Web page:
Court rejects fuel standards for some trucks
By Felicity Barringer (The New York Times) - November 16, 2007
A federal appeals court here rejected the Bush administration’s year-old fuel-economy standards for light trucks and sport utility vehicles on Thursday, saying that they were not tough enough because regulators had failed to thoroughly assess the economic impact of tailpipe emissions that contribute to climate change.
A three-judge panel of the Ninth Circuit Court of Appeals, in San Francisco, voided the new regulations for 2008-2011 model year vehicles and told the Transportation Department to produce new rules taking into account the value of reducing greenhouse gas emissions.
The court, siding with 4 environmental groups and 13 states and cities, also asked the government to explain why it still treated light trucks — which include pickups, sport utility vehicles and minivans — more mildly than passenger cars.
Under the rejected rule, the average fuel economy of light trucks was to rise to 23.5 miles a gallon in 2010, up from the current standard of 22.5 m.p.g., but still well below the current standard for passenger cars of 27.5 m.p.g.
The ruling, which is likely to be appealed to the United States Supreme Court, represents a major setback for both the auto industry and the White House at a time of growing public concern over the rising price of gasoline and the issue of climate change.
Lawyers specializing in environmental issues said on Thursday that the decision had significant implications beyond the automobile industry’s struggles over fuel-economy standards.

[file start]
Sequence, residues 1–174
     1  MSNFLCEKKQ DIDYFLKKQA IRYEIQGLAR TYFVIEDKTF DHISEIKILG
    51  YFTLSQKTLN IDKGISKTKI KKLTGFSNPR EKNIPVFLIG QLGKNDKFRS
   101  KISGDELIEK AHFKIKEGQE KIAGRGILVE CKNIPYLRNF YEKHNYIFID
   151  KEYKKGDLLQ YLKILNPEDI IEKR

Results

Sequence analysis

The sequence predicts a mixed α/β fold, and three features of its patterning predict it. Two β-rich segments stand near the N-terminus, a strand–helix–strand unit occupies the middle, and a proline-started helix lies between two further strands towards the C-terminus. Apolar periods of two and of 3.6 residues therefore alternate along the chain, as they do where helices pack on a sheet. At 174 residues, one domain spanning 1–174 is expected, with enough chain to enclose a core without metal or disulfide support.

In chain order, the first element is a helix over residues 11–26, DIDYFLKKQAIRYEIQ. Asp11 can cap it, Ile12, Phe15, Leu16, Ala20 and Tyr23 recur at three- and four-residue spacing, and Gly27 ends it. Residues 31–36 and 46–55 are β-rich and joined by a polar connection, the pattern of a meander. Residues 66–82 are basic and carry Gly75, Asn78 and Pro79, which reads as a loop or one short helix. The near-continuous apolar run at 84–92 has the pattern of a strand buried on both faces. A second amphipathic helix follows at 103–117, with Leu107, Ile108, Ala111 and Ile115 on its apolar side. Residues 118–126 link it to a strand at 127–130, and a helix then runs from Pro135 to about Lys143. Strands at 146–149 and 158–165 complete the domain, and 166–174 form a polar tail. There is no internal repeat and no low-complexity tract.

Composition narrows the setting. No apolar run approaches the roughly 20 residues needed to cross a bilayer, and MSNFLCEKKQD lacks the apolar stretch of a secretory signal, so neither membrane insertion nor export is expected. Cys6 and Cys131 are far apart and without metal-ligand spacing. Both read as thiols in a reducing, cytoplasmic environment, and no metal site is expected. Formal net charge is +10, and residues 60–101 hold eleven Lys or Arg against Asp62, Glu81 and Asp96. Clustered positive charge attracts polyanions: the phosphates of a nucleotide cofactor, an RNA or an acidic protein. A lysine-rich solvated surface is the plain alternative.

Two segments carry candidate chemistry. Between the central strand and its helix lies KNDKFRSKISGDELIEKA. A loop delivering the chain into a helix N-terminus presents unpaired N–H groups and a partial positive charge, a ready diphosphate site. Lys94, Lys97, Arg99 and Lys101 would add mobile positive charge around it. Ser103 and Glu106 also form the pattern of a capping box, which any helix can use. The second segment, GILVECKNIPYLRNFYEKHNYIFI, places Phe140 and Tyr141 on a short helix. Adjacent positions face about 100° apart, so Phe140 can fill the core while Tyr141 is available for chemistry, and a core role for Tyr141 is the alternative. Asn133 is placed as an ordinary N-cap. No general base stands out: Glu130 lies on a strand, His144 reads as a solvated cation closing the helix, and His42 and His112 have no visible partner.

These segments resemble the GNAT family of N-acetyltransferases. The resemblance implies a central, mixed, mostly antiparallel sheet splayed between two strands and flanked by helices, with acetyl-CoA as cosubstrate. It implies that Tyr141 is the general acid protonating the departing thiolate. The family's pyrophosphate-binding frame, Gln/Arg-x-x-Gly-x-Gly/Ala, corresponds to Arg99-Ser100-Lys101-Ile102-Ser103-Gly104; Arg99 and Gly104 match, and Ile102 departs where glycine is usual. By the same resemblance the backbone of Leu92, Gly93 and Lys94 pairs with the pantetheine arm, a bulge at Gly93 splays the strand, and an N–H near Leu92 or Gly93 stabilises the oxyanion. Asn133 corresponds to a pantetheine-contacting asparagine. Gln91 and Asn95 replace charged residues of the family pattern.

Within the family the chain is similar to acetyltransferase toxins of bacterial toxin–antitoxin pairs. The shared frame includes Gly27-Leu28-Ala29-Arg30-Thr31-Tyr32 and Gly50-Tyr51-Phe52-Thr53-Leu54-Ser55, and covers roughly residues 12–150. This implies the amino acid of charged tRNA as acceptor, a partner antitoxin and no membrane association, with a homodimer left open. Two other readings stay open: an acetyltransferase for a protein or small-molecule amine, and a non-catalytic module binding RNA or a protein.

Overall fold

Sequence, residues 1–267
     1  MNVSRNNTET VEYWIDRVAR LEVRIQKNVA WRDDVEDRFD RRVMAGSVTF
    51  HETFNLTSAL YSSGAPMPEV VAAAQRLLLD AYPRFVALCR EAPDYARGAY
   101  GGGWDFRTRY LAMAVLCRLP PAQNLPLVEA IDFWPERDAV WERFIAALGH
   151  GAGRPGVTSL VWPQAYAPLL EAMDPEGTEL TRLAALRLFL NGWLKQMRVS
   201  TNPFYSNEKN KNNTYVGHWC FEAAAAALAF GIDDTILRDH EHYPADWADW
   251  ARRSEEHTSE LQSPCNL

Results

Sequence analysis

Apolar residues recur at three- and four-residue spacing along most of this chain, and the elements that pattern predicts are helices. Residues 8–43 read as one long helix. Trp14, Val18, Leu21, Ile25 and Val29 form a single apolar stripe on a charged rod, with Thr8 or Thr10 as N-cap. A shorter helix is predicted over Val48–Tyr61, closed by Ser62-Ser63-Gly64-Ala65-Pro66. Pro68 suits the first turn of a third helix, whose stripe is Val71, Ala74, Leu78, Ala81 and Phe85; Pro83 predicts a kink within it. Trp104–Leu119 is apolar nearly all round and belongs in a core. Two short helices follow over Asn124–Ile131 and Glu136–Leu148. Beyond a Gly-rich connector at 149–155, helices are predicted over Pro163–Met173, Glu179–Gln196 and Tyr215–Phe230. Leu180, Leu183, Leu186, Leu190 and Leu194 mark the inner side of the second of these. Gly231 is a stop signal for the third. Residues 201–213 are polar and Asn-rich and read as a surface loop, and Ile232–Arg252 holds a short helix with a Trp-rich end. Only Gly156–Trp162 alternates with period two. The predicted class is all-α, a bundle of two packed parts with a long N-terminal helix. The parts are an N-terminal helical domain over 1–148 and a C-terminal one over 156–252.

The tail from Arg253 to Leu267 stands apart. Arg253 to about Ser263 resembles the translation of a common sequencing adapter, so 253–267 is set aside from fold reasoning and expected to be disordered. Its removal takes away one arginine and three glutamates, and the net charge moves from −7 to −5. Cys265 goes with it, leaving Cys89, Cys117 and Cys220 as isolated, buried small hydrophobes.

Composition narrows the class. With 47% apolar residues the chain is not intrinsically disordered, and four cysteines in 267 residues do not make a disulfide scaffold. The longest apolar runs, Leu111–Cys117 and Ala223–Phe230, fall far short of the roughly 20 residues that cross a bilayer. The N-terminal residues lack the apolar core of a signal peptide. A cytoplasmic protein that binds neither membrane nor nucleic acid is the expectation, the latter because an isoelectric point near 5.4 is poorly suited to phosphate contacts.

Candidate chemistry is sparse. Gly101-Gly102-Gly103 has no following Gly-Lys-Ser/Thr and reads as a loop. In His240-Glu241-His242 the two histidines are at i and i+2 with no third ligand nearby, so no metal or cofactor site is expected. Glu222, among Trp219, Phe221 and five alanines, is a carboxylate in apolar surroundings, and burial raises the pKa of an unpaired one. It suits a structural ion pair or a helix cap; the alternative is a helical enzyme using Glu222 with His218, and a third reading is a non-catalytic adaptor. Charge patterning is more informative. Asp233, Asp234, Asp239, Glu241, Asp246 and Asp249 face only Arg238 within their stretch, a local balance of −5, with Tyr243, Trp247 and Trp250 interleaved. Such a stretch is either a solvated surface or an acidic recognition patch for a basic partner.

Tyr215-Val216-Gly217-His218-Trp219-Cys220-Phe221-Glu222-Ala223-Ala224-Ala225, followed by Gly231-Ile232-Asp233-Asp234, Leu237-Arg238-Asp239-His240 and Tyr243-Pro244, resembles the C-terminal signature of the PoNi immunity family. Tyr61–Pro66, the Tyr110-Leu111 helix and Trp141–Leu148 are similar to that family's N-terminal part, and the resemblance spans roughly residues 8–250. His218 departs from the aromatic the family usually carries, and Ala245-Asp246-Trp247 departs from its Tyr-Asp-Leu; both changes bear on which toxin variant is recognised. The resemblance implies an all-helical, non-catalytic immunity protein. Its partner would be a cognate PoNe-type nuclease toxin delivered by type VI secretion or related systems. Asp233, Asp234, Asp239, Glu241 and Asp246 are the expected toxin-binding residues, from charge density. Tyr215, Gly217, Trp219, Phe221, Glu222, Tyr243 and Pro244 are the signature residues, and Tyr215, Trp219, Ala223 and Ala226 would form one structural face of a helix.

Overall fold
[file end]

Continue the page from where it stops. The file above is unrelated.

It was the third federal court ruling in seven months pressing regulators to take the risk of climate change into consideration as they set standards for industries that emit carbon dioxide and other heat-trapping gases produced when oil, coal and natural gas are burned to produce energy.
“What this says to me is that the courts are catching up with climate change and the law is catching up with climate change,” said Patrick A. Parenteau, an environmental law professor at Vermont Law School. “Climate change has ushered in a whole new era of judicial review.”
In each case, starting with the Supreme Court’s 5-to-4 ruling this year that the Environmental Protection Agency can regulate heat-trapping emissions, courts have found that federal officials must either grapple with the consequences of climate change or explain why they chose not to.
In the latest decision, Judge Betty B. Fletcher wrote that the “impact of greenhouse gas emissions on climate change is precisely the kind of cumulative-impacts analysis” required under the National Environmental Policy Act.
While the federal government may use a cost-benefit analysis to determine the “maximum feasible” fuel-economy standard, she added, “it cannot put a thumb on the scale by undervaluing the benefits and overvaluing the costs of more stringent standards.”
The appeals court, in a decision that was unanimous on all the major points, also chided the Bush administration for exempting larger S.U.V.’s — those like the Ford Excursion and the Hummer H2 that weigh 8,500 pounds to 10,000 pounds — from any fuel-economy standards.
Among the environmental groups bringing the case were the Center for Biological Diversity and the Natural Resources Defense Council.
“This is another major rebuke of the Bush administration’s policy of ignoring global warming,” said Aaron Colangelo, a lawyer with the N.R.D.C.